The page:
Andrews was part of the third wave in the Normandy invasion. He was a private assigned to fire a .30-caliber machine gun.

Andrews was grateful for the neck-deep water he stepped into when the ramp finally dropped. It washed the vomit from his clothes. A soldier behind him had thrown up on the back of Andrews' shirt during the ride to shore.

The German machine guns that mowed down so many troops in earlier waves had been taken out by the time his boat arrived. Andrews, now 90, recalls onlyhaving to deal with mortar and artillery fire as he waded to the beach. All 30 men from his boat made it.
https://www.citizen-times.com/story/...-day/10037733/
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Old 01-01-2019, 09:32 PM
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Quote:
Originally Posted by RickJay View Post
Absolutely true story; Juno Beach was originally codenamed Jelly Beach. (The British and Canadian beaches derived their names from fish - Goldfish, Swordfish, and Jellyfish, granting jellyfish aren't fish.) Winston Churchill was extremely opposed to the name, feeling it silly and jovial-sounding for a place where many brave men would likely die, and insisted on a name change. The alternative was proposed by an RCAF officer whose wife'sname was Juno.
He had a fairly involved set of criteria for operational codenames:

Quote:
“Operations in which large numbers of men may lose their lives ought not to be described by code-words which imply a boastful and overconfident sentiment, such as ’Triumphant,’ or, conversely, which are calculated to invest the plan with an air of despondency, such as... ‘Massacre,’” Churchill wrote. "Intelligent thought will readily supply an unlimited number of well-sounding names which do not suggest the character of the operation or disparage it in any way and do not enable some widow or mother to say that her son was killed in an operation called ‘Bunnyhug’ or ‘Ballyhoo.’”
https://taskandpurpose.com/churchill...ation-codename
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Old 01-05-2019, 04:03 PM
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Quote:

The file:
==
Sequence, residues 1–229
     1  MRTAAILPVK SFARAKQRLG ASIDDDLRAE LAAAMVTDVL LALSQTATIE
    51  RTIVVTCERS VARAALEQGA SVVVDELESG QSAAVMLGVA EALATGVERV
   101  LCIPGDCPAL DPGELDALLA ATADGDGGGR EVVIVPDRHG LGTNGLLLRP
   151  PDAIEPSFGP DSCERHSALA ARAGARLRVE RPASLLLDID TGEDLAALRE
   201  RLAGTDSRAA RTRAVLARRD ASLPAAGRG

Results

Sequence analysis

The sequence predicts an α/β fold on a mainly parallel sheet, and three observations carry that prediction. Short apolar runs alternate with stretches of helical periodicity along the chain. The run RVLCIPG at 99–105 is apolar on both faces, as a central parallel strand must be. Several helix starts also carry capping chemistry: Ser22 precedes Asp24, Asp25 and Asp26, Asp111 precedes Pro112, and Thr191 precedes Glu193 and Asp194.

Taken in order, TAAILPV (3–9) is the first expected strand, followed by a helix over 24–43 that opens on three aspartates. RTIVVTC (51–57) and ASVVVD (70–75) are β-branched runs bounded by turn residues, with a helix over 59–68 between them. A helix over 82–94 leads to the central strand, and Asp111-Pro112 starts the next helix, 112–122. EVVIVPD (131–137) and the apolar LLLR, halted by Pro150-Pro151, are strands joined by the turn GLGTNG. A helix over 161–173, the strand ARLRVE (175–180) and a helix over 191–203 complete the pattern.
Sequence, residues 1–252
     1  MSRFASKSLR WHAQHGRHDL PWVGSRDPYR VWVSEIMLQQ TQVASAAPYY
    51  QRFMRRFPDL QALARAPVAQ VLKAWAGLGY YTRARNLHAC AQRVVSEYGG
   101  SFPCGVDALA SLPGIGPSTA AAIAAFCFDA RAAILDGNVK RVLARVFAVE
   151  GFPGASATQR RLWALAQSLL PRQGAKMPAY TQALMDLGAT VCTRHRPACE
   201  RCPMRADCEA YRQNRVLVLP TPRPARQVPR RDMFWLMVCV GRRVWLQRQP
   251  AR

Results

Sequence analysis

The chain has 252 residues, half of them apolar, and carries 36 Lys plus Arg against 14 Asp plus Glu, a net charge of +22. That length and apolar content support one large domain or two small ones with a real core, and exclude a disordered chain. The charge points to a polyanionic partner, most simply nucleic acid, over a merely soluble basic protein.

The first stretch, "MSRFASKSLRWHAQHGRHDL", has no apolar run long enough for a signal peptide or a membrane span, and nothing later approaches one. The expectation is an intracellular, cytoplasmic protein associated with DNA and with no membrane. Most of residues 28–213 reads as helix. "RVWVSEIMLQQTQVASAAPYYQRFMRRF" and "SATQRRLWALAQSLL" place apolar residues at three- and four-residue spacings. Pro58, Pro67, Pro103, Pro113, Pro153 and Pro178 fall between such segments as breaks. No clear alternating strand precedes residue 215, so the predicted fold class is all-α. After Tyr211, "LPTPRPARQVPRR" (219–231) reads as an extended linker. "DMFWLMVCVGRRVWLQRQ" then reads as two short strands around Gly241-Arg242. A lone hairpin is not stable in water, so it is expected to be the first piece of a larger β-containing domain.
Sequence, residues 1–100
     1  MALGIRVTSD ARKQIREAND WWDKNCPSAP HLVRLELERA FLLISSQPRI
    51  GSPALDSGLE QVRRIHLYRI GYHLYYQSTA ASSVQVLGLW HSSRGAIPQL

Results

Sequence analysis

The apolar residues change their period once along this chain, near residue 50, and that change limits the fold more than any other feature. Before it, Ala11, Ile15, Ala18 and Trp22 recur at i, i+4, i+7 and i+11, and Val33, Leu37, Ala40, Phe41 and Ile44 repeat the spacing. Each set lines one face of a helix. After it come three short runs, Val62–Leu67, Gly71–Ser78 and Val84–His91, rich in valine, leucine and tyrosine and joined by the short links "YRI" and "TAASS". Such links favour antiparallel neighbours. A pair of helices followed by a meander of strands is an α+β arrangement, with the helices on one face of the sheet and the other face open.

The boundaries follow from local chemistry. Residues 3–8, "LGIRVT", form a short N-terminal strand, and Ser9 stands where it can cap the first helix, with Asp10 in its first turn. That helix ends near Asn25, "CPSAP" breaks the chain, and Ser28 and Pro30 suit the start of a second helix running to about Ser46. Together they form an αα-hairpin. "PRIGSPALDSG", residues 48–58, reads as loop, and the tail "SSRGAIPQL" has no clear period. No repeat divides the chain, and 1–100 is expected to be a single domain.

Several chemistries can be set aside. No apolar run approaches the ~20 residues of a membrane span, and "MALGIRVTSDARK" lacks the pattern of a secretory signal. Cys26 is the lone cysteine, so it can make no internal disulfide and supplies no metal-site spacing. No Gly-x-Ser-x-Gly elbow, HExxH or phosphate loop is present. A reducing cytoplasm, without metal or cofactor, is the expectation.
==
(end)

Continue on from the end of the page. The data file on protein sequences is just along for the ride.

Originally Posted by Gbro View Post
Was reading an Obit and the old Veteran had received a purple heart for his service at Normandy taking part of the 5th wave.
Others answered what 'wave' meant. More specifically, the US plan on Omaha Beach had the first wave as infantry to secure the area below the high tide line from H+1 minute. Then shortly after and until H+30 minutes, a Special Engineer Task Force was to land to destroy obstacles. Five further waves would come at a few minute intervals after H+30 minutes. This plan got messed up (as exact plans often or usually did) but the general idea is that the fifth wave was quite near the beginning, it wasn't landing craft going all the way back across the Channel or even necessarily to transports. It would still have been extremely dangerous in the fifth wave in that case.
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Old 01-11-2019, 04:13 PM
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He had a fairly involved set of criteria for operational codenames:



https://taskandpurpose.com/churchill...ation-codename
He had a point. The current trend of naming operations for how they resonate in sound bites ("Operation Moral Rectitude"-type names) is embarrassing. And the less said about sending men to die in Operation Bunnyhug the better.

Last edited by Sailboat; 01-11-2019 at 04:14 PM.
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Old 01-11-2019, 04:24 PM
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Originally Posted by Sailboat View Post
He had a point. The current trend of naming operations for how they resonate in sound bites ("Operation Moral Rectitude"-type names) is embarrassing. And the less said about sending men to die in Operation Bunnyhug the better.
UK military operation names are nowadays randomly selected from a list of meaningless names: Operation Telic was Iraq II, Operation Herrick was Afghanistan and Operation Ellamy was Libya, for example. To my mind that's probably a better way of doing it than selecting something like Operation Avenging Fistfuck just for the propaganda value